Stanley, a parapet and a farm manager in Yatta in Machakos County, called me two weeks ago to say their goats were dying suddenly.
They would show poor appetite and rapid laboured breathing, only to be found dead the following day.
The resident goat herd was fine but the problem affected some 100 goats he had personally bought in Mwingi a week earlier and transported them to the farm in three lots.
The goats were all male, aged at least one-year-old. He had castrated and vaccinated all of them on the third day of arrival but they started dying within the week.
At the time of reporting, he had already lost 17 goats and others were increasingly showing signs of illness by the day. A few of the goats were coughing and others had severe diarrhoea.
Luckily, he had not mixed the new animals with the resident herd of 500 animals.
I prescribed the antibiotic he should immediately give to the very sick goats as I travelled to the farm. Stanley is a qualified and licensed parapet, but he needed my intervention after carrying out treatment without success.
Parapets are trained at three levels namely diploma, certificate and degree in animal health and production. At the certificate level, they are mainly animal health assistants to the veterinary doctor.
With diploma training, they take up more managerial roles in livestock production and less in animal health. At the degree level, they are almost entirely involved in managerial, training and research.
Upon arrival on the farm, I found the new goat herd restrained in their enclosure near the farm entrance and about 500 metres from the resident herd.
All the goats were in fair to good body condition. I identified eight goats that showed rapid laboured breathing and thoroughly examined them. They had normal temperature or mild fever.
Six of the goats had wet lung sounds indicating pneumonia with fluid while the other two coughed heavily when I pressed their trachea (windpipe) and larynx (voice box).
DUE TO TRANSPORTATION
I diagnosed shipping fever and injected all the eight goats with one type of a combination antibiotic in the jugular vein and another one in the muscles of the neck.
I also instructed Stanley to continue with once daily injection of one of the drugs in the muscles to maintain the required level of the drug in the blood. He would also give all the goats anticoccidia medicine by mouth to treat and prevent diarrhoea.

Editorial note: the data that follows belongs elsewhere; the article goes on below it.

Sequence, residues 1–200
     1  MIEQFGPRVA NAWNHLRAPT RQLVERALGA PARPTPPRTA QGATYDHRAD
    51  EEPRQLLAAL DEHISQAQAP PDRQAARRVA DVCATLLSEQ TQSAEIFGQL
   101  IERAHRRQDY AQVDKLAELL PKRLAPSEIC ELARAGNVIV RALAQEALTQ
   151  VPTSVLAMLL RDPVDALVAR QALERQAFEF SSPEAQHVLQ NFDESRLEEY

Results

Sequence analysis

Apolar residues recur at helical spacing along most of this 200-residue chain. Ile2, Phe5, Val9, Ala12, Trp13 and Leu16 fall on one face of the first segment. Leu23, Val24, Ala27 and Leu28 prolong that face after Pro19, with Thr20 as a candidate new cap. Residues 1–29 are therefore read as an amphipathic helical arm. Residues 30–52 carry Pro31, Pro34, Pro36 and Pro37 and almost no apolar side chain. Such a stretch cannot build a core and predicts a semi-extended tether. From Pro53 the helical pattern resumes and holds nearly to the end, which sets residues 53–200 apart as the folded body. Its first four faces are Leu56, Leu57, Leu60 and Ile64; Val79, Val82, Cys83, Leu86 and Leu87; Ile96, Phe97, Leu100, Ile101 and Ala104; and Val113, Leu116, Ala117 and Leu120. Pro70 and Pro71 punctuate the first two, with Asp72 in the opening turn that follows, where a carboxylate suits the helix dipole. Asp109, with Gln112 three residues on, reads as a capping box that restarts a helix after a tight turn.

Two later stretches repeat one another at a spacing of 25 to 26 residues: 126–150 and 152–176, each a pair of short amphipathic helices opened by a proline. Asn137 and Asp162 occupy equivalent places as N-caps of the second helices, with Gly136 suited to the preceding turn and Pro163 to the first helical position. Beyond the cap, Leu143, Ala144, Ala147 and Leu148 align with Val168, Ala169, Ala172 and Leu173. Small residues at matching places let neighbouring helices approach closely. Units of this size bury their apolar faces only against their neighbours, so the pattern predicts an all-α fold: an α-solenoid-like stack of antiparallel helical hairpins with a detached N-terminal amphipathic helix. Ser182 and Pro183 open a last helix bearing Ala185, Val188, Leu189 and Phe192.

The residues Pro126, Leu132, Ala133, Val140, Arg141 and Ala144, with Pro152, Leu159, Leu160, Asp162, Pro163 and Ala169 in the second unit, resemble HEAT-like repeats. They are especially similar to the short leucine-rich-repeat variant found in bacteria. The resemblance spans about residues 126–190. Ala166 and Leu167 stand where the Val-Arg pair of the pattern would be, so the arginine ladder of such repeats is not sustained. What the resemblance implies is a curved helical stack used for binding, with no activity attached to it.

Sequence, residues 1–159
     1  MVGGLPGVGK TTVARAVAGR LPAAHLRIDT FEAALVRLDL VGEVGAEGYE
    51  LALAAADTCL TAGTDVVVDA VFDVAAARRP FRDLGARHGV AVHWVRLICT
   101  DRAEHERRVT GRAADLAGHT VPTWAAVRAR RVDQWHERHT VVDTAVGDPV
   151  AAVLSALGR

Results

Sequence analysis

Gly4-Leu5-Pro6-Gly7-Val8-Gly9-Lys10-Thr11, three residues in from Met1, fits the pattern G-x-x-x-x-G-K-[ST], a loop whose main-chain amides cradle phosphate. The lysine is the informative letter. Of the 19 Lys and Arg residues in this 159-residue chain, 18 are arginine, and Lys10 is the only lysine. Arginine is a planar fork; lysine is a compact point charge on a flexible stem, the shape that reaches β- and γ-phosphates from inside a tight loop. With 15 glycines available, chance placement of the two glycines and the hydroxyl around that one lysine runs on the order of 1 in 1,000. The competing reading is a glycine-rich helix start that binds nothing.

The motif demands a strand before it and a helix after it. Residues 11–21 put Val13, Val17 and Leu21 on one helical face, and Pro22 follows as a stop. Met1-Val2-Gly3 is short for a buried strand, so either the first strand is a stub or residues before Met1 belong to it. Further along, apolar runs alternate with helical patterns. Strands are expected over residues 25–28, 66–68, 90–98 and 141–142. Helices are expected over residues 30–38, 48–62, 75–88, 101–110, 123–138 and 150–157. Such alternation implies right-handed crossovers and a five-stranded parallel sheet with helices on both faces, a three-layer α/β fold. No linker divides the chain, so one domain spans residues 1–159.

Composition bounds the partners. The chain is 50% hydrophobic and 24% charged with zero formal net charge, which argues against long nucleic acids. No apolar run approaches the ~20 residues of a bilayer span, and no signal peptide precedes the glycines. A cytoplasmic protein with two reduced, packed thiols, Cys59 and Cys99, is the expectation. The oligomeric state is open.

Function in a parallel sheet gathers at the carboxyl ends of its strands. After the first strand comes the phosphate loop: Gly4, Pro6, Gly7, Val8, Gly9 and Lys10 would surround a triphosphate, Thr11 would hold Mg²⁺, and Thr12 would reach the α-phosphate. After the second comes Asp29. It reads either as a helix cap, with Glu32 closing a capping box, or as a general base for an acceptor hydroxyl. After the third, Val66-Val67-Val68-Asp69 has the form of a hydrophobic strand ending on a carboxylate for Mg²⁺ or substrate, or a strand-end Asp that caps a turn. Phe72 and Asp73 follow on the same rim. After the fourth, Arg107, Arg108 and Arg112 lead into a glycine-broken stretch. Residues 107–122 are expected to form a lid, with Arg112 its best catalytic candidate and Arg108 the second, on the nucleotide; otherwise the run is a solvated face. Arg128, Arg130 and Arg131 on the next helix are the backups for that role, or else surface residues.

In addition, I instructed Stanley to inject all the goats immediately with a preventive antibiotic once daily for three days to protect them from catching the bacteria causing the pneumonia from the sick goats or from their own bodies.
Shipping or transit fever is a form of pneumonia that affects animals due to the stress of transportation. The disease can be prevented by injecting animals with antibiotics before transportation.
The disease name is an anomaly because animals can still be affected if they are stressed by other factors such as rough handling, dust, hot or cold weather, castration and dehorning.
Stanley’s case was due to transportation from Mwingi to Yatta and the additional stress caused by castration and vaccination once the animals arrived on the farm.
Besides that, cold stress also contributed to the pneumonia outbreak because Mwingi was hot while Yatta was cold, especially at night.
The goats had not been given the prophylactic antibiotic before shipment. Transit fever is caused by a host of bacteria that are normal residents of the respiratory tract and the gut of animals.
Under normal circumstances, the bacteria are kept in check by the body’s immune system. The main culprits in shipping fever are micro-organism in the pasteurella group of bacteria.
The disease is, therefore, generally called pasteurellosis or pasteurella pneumonia. The term transit or shipping fever was initially used when the disease was observed in animals that had been transported.
During periods of stress, the body produces a chemical called cortisol that suppresses immunity but helps in coping with stress.
The suppressed immunity stimulates increased growth of the normally harmless bacteria in the respiratory tract. The micro-organisms invade the lining of the respiratory tract and also spread down the airways into the lungs.
Some of the bacteria like Mannheimia haemolytica produce very potent toxins that heavily inflame the lung tissue causing tissue death, fluid accumulation and deposition of a whitish yellow protein material called fibrin on the lungs.
The toxins create breakages in the lung blood vessels and enable the bacteria to be spread in the body through blood.
This disease situation is called septicaemia and it causes a toxic shock that results in the sudden death of the affected goats.
Stanley showed me lung pictures of some of the goats that had died and it was evident the goats had died of shipping fever.
Failing to observe the recommended shipping protocol for goats is inviting disaster. Goats should be vaccinated, dewormed and treated for ticks, fleas and mites at least one week before transportation.
They should be given prophylactic antibiotic to inhibit the growth of the pasteurella bacteria due to transport stress.
Transportation should be done in a suitable vehicle availing the goats a comfortable body posture and protection from the wind.
Once on the farm, the animals should be isolated from the resident herd, be kept warm and well-fed. Husbandry practices like castration, dehorning and hoof shearing should either be done before the goats travel or after the animals have acclimatised to their new environment.
Late treatment of the disease is usually unsuccessful and frustrating. In Stanley’s case, he still lost two of the most affected goats despite the intense treatment.